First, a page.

2. Do your own laundry. I can’t stress this enough. Nothing strains a marriage like finding out that your husband put your expensive bras in the dryer on high heat when he should have hung them on the drying rack. Do your own laundry; your marriage and your underwires will thank you.

Seriously. It took me years to get that man to read the washing instructions in his clothes, I’m not letting him touch mine. (Art by k_vohsen)

3. Don’t be so serious. Nothing diffuses a tense situation like laughing. My favorite method of producing necessary gales of laughter is by letting loose a long and resonant fart, but you need to figure out what works best for you. Not everyone finds flatulence as hilarious as my Loving Husband and I do.

4. Objectify. Yes, your marriage is based on love, trust, and mutual respect, but everyone wants to feel sexy and desired as well. A little healthy objectification between two consenting adults never hurt anyone. How can this be accomplished? Butt pinches always work, as do unexpected gropes. PDA’s are nice as well, though you really should try to stay within the bounds of legality. There’s a fine line between being appreciative and being arrested.

That’s right ladies, that’s my fella! Well, part of him, anyway. Eat your hearts out.

5. Forgive. You know all those little things that drive you crazy about your husband or wife? Forgive them. So, yeah, he holds his fork incorrectly, and his toes crack EVERY. TIME. THEY. MOVE. Those things will never stop making you nuts. But if you can forgive them, then those little things won’t break you. As for the big things … if you can find it in your heart and conscience, if it’s not a deal-breaker (like domestic violence, emotional or verbal abuse, or constant watching of the Three Stooges), forgive those too. Love requires a lot of forgiving.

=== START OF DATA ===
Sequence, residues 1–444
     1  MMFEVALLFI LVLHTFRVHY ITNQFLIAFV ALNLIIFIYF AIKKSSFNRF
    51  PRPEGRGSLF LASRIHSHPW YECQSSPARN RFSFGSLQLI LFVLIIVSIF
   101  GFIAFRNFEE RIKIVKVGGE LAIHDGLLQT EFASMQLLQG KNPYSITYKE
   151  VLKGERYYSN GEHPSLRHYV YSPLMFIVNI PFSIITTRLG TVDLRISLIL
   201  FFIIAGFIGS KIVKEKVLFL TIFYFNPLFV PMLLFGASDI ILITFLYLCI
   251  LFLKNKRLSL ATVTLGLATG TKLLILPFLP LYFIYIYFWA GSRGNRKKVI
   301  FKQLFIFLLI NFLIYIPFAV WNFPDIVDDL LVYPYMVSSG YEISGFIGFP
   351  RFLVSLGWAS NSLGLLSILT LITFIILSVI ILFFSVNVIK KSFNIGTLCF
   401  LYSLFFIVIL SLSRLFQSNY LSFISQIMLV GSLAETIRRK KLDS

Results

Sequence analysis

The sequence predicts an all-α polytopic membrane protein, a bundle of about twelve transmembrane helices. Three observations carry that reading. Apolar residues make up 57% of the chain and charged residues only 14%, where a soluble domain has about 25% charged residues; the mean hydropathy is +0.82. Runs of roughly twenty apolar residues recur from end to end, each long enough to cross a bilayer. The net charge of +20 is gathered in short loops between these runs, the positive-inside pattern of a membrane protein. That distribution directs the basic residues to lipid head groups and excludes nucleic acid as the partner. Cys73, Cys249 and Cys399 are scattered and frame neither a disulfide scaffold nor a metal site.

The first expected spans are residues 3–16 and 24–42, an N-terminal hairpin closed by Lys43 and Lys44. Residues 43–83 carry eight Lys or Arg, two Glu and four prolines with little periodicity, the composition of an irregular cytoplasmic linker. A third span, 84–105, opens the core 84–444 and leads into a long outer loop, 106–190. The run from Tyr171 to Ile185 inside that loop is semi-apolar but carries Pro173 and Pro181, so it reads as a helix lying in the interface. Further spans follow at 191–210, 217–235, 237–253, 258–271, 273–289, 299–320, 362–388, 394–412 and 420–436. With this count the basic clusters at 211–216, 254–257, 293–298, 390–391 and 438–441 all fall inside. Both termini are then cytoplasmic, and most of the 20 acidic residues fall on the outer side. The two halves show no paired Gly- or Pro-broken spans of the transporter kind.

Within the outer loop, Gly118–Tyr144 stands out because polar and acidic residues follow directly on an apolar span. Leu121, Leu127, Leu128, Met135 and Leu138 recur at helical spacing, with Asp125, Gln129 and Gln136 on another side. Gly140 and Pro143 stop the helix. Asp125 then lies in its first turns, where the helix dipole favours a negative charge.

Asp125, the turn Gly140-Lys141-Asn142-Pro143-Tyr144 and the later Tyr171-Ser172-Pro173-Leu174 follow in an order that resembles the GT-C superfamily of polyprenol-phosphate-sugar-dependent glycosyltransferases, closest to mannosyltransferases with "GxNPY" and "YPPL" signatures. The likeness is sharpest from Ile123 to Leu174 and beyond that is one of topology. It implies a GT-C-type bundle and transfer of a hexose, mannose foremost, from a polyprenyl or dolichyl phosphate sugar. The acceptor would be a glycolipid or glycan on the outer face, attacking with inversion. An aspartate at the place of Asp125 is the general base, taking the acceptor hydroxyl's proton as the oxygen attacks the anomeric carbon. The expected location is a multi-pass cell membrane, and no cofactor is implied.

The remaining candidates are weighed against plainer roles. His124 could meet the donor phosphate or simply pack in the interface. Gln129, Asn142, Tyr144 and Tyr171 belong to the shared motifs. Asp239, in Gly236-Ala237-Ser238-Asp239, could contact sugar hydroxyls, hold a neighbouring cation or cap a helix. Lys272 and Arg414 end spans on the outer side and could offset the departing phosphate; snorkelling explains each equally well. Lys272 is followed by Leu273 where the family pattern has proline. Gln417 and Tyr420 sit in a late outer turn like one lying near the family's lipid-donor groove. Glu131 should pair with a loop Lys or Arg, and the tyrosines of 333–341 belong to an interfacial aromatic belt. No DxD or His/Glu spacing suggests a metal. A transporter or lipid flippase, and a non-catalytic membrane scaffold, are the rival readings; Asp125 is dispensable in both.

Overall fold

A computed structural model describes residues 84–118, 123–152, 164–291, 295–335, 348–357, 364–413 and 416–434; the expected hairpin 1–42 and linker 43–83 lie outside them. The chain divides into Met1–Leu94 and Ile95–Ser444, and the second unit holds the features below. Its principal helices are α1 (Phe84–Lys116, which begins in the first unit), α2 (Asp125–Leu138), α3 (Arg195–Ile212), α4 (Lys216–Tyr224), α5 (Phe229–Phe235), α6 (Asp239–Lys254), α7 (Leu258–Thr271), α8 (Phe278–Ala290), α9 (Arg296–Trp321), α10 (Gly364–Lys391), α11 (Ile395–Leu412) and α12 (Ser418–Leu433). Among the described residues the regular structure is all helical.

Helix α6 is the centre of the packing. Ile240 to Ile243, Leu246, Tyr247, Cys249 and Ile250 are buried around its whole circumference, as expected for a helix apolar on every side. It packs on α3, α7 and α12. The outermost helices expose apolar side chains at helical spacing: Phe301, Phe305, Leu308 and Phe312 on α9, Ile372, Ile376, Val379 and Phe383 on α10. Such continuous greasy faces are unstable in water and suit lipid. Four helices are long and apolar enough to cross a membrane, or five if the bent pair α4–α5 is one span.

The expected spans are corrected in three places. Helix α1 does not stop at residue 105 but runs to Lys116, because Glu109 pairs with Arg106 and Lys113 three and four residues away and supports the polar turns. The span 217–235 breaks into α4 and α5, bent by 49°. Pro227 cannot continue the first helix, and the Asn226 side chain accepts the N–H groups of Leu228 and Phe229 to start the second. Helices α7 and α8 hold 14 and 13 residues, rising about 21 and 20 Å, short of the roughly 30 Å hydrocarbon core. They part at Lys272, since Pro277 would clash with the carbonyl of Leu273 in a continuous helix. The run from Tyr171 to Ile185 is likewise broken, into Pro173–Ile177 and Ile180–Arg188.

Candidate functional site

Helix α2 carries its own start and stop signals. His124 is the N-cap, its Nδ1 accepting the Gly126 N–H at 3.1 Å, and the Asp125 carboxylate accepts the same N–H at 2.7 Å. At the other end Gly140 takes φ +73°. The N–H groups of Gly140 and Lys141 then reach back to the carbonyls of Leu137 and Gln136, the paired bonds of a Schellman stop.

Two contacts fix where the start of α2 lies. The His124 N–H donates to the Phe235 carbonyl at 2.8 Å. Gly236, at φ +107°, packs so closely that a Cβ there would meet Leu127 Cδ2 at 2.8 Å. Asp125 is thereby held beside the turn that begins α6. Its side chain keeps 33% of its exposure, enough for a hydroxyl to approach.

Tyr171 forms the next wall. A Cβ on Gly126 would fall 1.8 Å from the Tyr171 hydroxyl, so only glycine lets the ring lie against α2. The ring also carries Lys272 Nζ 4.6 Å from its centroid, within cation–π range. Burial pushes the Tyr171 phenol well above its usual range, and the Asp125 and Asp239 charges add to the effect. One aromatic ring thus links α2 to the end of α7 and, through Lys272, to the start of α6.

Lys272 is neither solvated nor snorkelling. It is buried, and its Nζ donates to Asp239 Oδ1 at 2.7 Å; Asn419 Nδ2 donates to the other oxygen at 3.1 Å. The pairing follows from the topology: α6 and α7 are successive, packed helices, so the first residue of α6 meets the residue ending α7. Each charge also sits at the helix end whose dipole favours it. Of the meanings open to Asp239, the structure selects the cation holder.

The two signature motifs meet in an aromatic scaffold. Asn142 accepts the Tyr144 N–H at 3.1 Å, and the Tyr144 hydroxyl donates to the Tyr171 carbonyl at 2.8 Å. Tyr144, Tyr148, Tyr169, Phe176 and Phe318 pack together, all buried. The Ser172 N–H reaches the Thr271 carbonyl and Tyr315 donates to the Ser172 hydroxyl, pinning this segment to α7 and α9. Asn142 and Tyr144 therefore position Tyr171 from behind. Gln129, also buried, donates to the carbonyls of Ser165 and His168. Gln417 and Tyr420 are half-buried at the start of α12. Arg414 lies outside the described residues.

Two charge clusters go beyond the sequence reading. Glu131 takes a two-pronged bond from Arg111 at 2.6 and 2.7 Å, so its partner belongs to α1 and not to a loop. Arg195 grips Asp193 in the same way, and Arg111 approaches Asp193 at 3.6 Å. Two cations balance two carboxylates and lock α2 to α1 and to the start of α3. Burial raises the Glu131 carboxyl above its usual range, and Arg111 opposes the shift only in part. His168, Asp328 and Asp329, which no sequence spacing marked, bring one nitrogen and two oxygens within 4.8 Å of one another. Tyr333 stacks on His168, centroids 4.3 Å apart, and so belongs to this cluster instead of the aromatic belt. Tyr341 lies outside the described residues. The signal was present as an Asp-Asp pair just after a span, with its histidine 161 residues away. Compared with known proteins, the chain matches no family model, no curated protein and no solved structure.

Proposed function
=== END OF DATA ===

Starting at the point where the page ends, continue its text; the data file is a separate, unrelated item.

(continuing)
Follow these simple rules and you’ll have a happy marriage! Probably. Or maybe not, if your marriage is different from mine. Or if you married a douchenozzle. In which case you’re on your own, kid.


We fear violence less than our own feelings. Personal, private, solitary pain is more terrifying than what anyone else can inflict. ~ Jim Morrison

Sometimes, something happens in the world that sticks in my mind.

I’m a little ashamed to admit that it doesn’t happen very often anymore. I just don’t have the time or energy to become fired up about world events at the moment, at least not the way I used to. I used to read the headlines at CNN every morning before I went to work, and then delve more deeply into the day’s events once I was home again.

On Friday morning, I didn’t look at CNN. I checked my email, I fed and entertained my baby until his nap, and during his nap I wrote a fluffy little post about Rage Fairies, an idea that I’d had floating around in my head for a while. Just before he woke up, I hit Publish.

It was only hours later that the expressions of horror and sympathy that my Facebook friends were posting got through to me, and I finally went to CNN.com to see what had happened.

Aurora borealis (Photo by dyet)